The 38 transition metals have a distinguishing characteristic—valence electrons present in more than one shell that combine with other elements. Transition metals often exhibit several common oxidation states. When used or disposed of incorrectly, they can contaminate soil or water. Several studies have linked specific transition metals to various diseases.
Traditional methods for transition metal detection can have limited sensitivity and solute vaporization interferences. Ion chromatography is ideal for separating transition metals, with the ability optimize or alter separation simply changing eluents.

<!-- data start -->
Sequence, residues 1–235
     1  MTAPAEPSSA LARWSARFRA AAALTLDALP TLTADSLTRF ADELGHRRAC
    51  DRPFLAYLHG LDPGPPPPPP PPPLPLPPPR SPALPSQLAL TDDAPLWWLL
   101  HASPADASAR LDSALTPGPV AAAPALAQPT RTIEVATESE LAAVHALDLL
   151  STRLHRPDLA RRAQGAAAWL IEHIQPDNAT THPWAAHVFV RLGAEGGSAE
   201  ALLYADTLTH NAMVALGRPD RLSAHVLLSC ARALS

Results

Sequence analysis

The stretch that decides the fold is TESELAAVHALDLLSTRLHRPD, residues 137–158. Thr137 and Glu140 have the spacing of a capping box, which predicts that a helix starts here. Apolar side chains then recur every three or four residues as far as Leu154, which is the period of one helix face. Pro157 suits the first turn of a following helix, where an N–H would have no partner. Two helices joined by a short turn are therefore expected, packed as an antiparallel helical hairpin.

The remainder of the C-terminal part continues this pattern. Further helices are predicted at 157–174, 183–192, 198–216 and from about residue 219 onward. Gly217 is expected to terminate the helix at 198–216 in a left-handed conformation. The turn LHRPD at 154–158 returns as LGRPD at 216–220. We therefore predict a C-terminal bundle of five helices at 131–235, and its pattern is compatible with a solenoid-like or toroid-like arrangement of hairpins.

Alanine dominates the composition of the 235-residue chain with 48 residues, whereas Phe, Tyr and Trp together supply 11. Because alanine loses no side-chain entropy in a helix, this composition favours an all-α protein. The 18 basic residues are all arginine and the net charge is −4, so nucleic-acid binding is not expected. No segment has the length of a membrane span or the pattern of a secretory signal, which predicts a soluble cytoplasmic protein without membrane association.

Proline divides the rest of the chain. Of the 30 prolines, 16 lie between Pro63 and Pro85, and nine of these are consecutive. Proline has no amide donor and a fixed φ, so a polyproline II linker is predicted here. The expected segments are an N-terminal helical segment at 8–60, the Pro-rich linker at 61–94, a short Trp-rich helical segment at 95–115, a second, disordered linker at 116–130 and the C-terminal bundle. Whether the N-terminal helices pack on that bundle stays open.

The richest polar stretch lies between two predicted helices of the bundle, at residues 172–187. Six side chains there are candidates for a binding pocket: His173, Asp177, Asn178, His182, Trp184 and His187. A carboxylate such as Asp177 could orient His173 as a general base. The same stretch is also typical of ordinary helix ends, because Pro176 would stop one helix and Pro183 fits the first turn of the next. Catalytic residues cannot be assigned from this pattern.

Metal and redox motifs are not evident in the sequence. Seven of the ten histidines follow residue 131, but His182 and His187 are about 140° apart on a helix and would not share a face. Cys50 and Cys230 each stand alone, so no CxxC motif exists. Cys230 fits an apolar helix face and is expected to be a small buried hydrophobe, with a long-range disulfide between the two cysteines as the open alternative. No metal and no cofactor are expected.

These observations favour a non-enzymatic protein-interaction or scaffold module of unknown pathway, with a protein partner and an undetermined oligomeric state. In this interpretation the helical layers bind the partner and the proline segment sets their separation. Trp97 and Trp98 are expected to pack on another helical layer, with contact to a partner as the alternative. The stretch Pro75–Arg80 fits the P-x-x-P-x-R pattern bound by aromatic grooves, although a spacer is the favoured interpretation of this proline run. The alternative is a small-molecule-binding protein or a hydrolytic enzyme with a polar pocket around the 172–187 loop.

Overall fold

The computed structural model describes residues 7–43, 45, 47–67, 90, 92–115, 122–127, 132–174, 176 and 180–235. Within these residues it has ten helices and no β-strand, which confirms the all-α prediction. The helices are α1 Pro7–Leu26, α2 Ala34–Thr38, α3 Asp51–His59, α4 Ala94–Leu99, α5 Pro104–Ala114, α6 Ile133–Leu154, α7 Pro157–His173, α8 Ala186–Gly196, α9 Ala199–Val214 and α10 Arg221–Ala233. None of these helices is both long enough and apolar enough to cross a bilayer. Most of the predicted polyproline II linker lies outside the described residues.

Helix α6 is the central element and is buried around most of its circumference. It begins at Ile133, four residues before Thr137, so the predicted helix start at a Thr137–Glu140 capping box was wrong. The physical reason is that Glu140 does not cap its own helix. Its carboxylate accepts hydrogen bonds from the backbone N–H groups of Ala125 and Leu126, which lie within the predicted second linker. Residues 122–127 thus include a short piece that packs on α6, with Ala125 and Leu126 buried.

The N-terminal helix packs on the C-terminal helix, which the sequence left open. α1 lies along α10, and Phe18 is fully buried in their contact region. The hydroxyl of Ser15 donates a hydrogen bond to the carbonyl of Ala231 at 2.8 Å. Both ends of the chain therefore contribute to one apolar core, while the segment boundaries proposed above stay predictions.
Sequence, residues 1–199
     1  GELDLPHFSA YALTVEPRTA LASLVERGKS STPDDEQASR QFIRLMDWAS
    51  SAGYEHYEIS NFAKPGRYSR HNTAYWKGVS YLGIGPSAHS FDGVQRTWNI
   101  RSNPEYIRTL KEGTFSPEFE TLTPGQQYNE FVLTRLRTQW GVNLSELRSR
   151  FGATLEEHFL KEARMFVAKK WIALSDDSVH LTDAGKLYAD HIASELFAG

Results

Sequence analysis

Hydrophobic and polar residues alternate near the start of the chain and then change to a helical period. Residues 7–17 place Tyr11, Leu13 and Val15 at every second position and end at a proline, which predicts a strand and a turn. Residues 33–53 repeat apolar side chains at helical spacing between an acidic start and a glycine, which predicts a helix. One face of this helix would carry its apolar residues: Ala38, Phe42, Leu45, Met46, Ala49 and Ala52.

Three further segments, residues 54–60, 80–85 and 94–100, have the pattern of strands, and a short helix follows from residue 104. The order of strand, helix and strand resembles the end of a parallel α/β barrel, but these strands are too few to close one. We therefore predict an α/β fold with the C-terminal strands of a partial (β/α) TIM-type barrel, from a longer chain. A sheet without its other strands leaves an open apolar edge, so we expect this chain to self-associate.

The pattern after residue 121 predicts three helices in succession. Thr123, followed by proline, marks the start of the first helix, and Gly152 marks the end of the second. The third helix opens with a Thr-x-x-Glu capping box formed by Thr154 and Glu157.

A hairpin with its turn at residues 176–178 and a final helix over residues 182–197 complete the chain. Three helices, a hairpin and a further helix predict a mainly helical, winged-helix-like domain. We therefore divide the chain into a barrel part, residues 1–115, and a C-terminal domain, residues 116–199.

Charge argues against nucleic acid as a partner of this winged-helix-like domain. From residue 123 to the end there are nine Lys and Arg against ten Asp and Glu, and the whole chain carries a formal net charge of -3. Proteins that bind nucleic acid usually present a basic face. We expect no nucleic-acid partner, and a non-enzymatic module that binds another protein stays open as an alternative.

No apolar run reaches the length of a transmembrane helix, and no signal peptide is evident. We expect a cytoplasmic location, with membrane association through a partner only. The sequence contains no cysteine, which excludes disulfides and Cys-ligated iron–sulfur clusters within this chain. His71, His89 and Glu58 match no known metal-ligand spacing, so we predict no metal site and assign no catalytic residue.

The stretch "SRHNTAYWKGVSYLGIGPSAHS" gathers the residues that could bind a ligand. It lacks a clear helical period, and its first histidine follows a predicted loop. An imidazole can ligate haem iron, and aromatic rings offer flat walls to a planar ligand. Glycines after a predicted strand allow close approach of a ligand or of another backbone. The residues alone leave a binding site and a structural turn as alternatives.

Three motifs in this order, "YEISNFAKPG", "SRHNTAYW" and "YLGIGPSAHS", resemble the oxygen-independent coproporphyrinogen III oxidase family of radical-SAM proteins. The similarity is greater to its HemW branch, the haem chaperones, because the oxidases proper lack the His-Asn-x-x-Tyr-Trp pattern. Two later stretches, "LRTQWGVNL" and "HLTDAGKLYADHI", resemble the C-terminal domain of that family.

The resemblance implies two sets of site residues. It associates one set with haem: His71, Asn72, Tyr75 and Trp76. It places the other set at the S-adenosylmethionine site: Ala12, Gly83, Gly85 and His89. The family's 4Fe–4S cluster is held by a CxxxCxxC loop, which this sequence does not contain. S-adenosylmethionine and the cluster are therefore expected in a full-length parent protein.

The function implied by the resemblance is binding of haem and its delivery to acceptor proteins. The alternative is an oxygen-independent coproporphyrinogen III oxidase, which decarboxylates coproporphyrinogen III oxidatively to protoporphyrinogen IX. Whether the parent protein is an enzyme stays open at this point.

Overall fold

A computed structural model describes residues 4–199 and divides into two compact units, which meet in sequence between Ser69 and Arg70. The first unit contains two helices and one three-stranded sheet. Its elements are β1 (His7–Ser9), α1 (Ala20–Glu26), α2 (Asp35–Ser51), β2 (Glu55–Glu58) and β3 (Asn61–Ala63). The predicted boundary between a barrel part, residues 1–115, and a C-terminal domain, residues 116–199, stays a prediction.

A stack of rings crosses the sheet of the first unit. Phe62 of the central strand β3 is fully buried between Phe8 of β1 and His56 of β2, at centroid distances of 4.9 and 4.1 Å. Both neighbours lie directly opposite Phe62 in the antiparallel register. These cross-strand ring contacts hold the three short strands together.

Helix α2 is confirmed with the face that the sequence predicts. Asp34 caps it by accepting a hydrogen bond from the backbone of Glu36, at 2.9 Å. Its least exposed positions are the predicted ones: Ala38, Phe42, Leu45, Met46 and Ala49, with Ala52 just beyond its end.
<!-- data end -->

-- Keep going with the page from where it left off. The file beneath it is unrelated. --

Various regulatory agencies have set guidelines for quantities of transition metal elements in food, water, and pharmaceutical products. See below for some examples.
|AppsLab Link||Sample||MDL||IC Column|
|Determination of Transition Metals at PPT Levels in High-Purity Water and SC2 (D-clean) Baths (AN 131)||Semiconductor bath||n/a||Dionex IonPac CS5A Columns|
|Determination of Transition Metals in Complex Matrices Using Chelation Ion Chromatography (AU 168)||Seawater||0.60–7.95mg/L||Dionex IonPac CS5A Columns|
|Determination of Transition Metals in Serum and Whole Blood by Ion Chromatography (AN 108)||Serum||45–70mg/L||Dionex IonPac CS5A Columns|